Published by SamovarLife on April 02, 2009
By Brian X. Chen
The drink of choice for Web 2.0 zillionaires isn’t a quad espresso anymore. It’s a soothingly steeped tea harvested from a shaded mountainside half a world away.
Captains of the internet like Digg’s Kevin Rose and business guru Tim Ferriss (pictured above) are gravitating to the ancient drink, and enterprising retailers are stepping up to fill their every need.
“We’ve had the Red Bulls, coffee and everything else,” Rose says of Digg, which spends about $1,000 a month just on specialty tea for employees. Rose himself favors a cup of Pu-erh imported from China’s Yunnan province after a tough day at the office.
“It’s one of those things where you want to turn to something really natural and from the Earth — and from something that isn’t going to give you a big crash,” Rose told Wired.com. “Once you start consuming tea it makes sense: This is the best of all worlds.”
In Silicon Valley, specialty tea is quickly becoming a phenomenon. Specialty shops, stores and tearooms devoted to the leaf are sprouting up all over the Bay Area. In San Francisco, tea businesses have gone beyond Chinatown and Japantown, spreading to Hayes Valley, the Castro and SOMA.
Tea is the new coffee — the tipple of choice for the Twitteratti. The culture that brought us pizza as a food group and $20,000 coffeemakers has now discovered tea. And its internet-savvy boosters like Rose and Ferriss are leading a movement in the United States to promote the leafy beverage as a trendy drink for new-age geeks who are as obsessed with having energetic bodies as they are with fast computers.
“It’s the new social lubricant,” said Jesse Jacobs, owner of Samovar Tea Lounge, a popular mini-chain of high-end tea rooms in San Francisco. “You’re never hung over and you can never drink too much.”
Rose, Ferriss and Jacobs are hoping to see specialty tea hit the mainstream just like coffee. And it’s certainly possible: Many credit Alfred Peet for single-handedly spearheading the specialty-coffee movement when he opened the first Peet’s Coffee & Tea store in Berkeley in 1966. Starbucks soon followed, and today their coffee shops are omnipresent.
Tea is so ancient that its exact origins are impossible to trace. In one popular Chinese legend, emperor Shen Nung, who drank only boiling water for hygienic precaution, discovered tea by accident 5,000 years ago. According to the tale, some dry leaves fell from a bush into the emperor’s boiling water, and the first cup of tea was created.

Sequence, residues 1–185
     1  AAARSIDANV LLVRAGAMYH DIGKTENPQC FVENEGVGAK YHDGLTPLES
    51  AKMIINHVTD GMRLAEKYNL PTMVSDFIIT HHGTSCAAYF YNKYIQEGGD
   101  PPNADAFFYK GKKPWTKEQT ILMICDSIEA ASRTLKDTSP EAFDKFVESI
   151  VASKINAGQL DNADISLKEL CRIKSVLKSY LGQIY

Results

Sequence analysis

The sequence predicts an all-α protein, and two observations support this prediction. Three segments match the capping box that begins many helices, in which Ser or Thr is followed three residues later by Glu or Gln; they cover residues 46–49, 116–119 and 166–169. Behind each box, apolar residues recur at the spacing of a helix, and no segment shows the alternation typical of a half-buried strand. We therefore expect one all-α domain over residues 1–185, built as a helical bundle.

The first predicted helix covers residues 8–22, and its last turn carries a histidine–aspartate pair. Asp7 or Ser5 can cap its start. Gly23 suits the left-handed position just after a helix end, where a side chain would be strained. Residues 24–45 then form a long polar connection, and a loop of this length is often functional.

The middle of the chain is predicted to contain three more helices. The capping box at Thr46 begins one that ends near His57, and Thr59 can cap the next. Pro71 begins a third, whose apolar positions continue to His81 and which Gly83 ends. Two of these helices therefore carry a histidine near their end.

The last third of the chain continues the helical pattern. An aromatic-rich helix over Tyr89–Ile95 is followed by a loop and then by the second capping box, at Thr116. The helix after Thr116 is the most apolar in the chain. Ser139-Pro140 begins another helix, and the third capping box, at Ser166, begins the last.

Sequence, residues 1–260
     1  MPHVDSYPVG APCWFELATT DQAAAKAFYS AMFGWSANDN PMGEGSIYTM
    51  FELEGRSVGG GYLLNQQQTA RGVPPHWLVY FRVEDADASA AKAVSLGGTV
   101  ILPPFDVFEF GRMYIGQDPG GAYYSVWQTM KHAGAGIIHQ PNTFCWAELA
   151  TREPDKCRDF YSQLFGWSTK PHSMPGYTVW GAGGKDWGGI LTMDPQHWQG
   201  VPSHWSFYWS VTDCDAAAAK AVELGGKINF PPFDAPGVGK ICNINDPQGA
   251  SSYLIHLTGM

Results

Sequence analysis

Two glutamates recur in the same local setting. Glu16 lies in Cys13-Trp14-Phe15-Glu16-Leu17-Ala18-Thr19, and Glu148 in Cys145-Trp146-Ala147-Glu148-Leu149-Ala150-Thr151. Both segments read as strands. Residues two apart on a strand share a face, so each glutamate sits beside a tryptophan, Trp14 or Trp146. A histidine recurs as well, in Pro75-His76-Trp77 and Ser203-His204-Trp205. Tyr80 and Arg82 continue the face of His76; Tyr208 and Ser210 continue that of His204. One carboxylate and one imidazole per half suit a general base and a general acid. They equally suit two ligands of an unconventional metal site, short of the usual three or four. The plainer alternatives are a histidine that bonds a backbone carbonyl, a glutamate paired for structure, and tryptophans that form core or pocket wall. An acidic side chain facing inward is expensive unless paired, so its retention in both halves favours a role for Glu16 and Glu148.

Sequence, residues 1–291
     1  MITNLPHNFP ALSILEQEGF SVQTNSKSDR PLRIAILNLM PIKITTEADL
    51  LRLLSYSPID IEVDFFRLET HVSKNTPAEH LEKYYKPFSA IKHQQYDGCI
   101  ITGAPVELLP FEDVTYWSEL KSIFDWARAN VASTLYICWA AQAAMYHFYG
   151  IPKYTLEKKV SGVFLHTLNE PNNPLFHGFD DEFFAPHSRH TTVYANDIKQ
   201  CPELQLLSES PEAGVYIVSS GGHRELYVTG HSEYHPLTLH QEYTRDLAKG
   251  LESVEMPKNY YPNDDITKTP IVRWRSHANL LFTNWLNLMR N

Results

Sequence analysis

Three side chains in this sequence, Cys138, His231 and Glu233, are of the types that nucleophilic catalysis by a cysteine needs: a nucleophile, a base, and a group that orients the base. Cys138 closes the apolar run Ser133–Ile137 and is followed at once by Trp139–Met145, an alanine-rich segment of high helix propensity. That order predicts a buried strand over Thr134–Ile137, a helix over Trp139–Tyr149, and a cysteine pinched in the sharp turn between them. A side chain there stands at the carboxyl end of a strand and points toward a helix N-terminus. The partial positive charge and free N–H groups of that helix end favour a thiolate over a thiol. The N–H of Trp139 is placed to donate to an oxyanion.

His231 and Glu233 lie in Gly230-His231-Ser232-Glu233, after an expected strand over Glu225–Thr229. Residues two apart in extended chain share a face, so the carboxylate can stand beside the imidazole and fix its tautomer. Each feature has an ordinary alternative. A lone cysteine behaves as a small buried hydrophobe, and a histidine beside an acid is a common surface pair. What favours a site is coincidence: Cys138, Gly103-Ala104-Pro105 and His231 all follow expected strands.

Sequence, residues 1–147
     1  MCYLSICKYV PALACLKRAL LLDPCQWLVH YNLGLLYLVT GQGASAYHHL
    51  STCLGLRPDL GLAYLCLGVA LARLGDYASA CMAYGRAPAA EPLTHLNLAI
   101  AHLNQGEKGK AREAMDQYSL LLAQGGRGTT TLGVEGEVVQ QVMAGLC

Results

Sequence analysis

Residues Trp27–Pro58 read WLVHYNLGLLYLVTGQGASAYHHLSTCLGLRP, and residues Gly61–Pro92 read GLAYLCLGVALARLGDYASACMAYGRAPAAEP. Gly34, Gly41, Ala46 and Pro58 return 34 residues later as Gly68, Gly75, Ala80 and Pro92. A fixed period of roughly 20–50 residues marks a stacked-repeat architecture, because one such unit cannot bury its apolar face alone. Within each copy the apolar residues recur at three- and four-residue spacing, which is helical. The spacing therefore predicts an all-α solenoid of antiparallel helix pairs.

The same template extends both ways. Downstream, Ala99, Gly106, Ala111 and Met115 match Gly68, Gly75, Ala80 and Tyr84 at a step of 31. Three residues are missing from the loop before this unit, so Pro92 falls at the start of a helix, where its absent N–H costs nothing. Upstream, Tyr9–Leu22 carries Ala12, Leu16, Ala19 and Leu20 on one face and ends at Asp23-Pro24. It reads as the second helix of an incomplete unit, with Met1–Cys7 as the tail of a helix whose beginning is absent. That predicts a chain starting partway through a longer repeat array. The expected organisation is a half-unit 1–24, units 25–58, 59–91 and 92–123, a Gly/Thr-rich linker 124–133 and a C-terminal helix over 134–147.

Today, fine teas are taking their place in the center of the digital universe. Specialty shops like the Samovar Tea Lounge are virtual emporiums of the beverage, carrying teas from cities, villages and gardens all over the world for guys like Rose and Ferriss, who use it to find respite from their endlessly busy, overly connected lives.
Jacobs, owner of Samovar, which opened three locations in the past year, explained that technology and the internet have changed everything for the tea industry.
“Technology, commerce, shipping methods, storing methods — all these things come together so that today we have access to the best tea ever,” Jacobs said, who has a background in technology himself as a former user interface designer.
He added that the emergence of social networks like Facebook and Twitter are bringing exquisite, obscure teas to the tech-driven world.
Digg founder Rose, for example, who is hailed as one of the most influential people on the web, is playing a large role in bringing obscure teas to the mainstream. He said he quit drinking soda as a New Year’s resolution in 2000, and he turned over a new leaf for tea.
Rose often tweets about new teas he’s trying out to his nearly 400,000 Twitter followers and even created a separate Twitter account — @goodtea — devoted to tea. He also started a Facebook page about the ancient beverage, where he posts videos and information. To top it off, Rose links to Samovar Lounge’s web site on his personal blog, and he plans to make videos with Jacobs showing geeks how to brew loose tea.
Another active member of the tea resurgence is Ferriss, the owner of a supplements company who became a Silicon Valley star with his bestselling book The 4-Hour Workweek: Escape 9-5, Live Anywhere, and Join the New Rich.
In the book, Ferriss plays the role of motivator-in-chief, instructing businesses to adhere to one rule of thumb: Cut out all excess information, such as e-mail, Twitter, Flickr and so on. And when something crops up that could potentially stifle productivity, such as a work crisis, hire someone else to deal with it.
So it comes as no surprise that Ferriss, a man who preaches paying more while dealing with less, prefers tea over coffee. He doesn’t want the jitters, the increased anxiety or the bouncy high. He just wants the energy. And he admits that being a tea connoisseur requires spending a bit more than the stuff you’d get in bags. At Samovar, patrons spend anywhere from $10 to $50 each to enjoy a small cup of exquisite tea — such as Mu Za Tie Quan Yin, if they’re feeling extra fancy, which runs for $140 per ounce.
“Tea shots of gyokuro for $50 a thimble full?” Ferriss used as an example. “It ain’t cheap, and it’s certainly not for everyone, but that’s the key: It’s affordably indulgent. A way to show off your insider knowledge instead of distasteful displays of wealth, much of which has been lost.”
How long will it be until you can stroll down a block just about anywhere, sit down and enjoy a cup of Ryokucha imported straight from Japan? Rose is optimistic that the tea renaissance is just five years away.
“There’s a reason tea has been popular for thousands of years,” Rose said. “I have a feeling we’re getting closer and closer to the tipping point.”